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Earth System Dynamics An interactive open-access journal of the European Geosciences Union
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Discussion papers
© Author(s) 2019. This work is distributed under
the Creative Commons Attribution 4.0 License.
© Author(s) 2019. This work is distributed under
the Creative Commons Attribution 4.0 License.

Submitted as: research article 23 May 2019

Submitted as: research article | 23 May 2019

Review status
This discussion paper is a preprint. A revision of the manuscript is under review for the journal Earth System Dynamics (ESD).

Societal breakdown as an emergent property of large-scale behavioural models of land use change

Calum Brown1, Bumsuk Seo1, and Mark Rounsevell1,2 Calum Brown et al.
  • 1Institute of Meteorology and Climate Research, Atmospheric Environmental Research (IMK-IFU), Karlsruhe Institute of Technology, Kreuzeckbahnstraße 19, 82467 Garmisch-Partenkirchen, Germany
  • 2School of Geosciences, University of Edinburgh, Edinburgh EH8 9XP, UK

Abstract. Human land use has placed enormous pressure on natural resources and ecosystems worldwide, and may even prompt socio-ecological collapses under some circumstances. Efforts to avoid such collapses are hampered by a lack of knowledge about when they may occur and how they may be prevented. Computational models that illuminate potential future developments in the land system are invaluable tools in this context. While such models are widely used to project biophysical changes, they are currently less able to explore the social dynamics that will be key aspects of future global change. As a result, strategies for navigating a hazardous future may suffer from blind spots at which individual, social and political behaviours divert the land system away from predicted pathways.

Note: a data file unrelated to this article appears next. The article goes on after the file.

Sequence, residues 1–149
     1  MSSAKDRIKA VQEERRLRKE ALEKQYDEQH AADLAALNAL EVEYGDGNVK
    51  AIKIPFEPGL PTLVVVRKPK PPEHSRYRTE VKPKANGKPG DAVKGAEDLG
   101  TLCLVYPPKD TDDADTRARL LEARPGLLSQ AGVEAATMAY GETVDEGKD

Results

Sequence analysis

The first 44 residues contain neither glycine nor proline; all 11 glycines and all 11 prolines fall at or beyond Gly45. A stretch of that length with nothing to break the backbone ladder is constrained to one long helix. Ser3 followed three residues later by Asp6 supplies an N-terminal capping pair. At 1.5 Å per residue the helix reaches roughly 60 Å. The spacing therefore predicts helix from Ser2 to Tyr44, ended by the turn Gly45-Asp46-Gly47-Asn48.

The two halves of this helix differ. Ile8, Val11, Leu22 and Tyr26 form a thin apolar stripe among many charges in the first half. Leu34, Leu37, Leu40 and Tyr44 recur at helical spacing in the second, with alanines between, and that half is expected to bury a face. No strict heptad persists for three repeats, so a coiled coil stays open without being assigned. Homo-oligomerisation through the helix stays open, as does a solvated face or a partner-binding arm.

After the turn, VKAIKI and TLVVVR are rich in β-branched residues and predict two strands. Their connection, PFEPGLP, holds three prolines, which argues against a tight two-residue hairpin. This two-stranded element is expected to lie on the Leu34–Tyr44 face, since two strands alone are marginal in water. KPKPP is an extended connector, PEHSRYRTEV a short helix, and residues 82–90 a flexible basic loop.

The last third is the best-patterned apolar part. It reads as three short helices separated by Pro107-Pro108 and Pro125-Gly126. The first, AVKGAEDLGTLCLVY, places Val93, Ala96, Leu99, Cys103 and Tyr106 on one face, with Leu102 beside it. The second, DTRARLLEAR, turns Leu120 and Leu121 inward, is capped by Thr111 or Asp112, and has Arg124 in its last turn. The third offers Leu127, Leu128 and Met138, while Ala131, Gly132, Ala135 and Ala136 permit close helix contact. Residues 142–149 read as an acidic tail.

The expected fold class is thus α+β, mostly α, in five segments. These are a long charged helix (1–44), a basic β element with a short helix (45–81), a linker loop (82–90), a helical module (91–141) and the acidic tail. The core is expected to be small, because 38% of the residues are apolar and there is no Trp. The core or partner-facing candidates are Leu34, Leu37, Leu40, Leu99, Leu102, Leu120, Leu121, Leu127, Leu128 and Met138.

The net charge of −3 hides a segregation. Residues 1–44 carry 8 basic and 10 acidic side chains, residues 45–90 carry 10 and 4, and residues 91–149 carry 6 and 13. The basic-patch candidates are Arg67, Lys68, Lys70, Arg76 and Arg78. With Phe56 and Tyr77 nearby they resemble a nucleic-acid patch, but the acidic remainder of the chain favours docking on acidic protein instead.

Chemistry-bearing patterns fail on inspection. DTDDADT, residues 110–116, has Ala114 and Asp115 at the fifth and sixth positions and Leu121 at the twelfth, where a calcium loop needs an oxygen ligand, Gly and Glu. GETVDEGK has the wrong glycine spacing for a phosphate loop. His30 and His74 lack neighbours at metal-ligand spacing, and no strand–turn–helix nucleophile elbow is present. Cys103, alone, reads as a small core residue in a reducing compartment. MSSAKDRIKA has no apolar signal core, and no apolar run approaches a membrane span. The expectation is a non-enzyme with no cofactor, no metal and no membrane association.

We apply CRAFTY-EU, an agent-based model of the European land system, in order to investigate the effects of human-behavioural aspects of land management at the continental-scale. We explore a range of potential futures using climatic and socio-economic scenarios, and present a coherent set of cross-sectoral projections without imposed equilibria or optimisation. These projections include various behavioural responses to scenarios including non-economic motivations, aversion to change, and heterogeneity in decision-making. We find that social factors and behavioural responses have dramatic impacts on simulated dynamics, and can contribute to a breakdown of the land system's essential functions in which shortfalls in food production of up to 56 % emerge. These impacts are largely distinct from, and at least as large as, those of projected climatic change. We conclude that the socio-economic aspects of future scenarios require far more detailed and varied treatment. In particular, the extent of economic irrationality at individual and aggregate scales may determine the nature of land system development, with established pathways being highly vulnerable to deviation from this theoretical optimum.

Calum Brown et al.
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Calum Brown et al.
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Publications Copernicus
Short summary
Concerns are growing that human activity will lead to social and environmental breakdown, but it is hard to anticipate when and where such breakdowns might occur. We developed a new model of land management decisions in Europe to explore possible future changes, and found that decision-making that takes account of environmental conditions as well as profit can produce very different outcomes, but that it is unlikely to avoid social and environmental breakdown in challenging conditions.
Concerns are growing that human activity will lead to social and environmental breakdown, but it...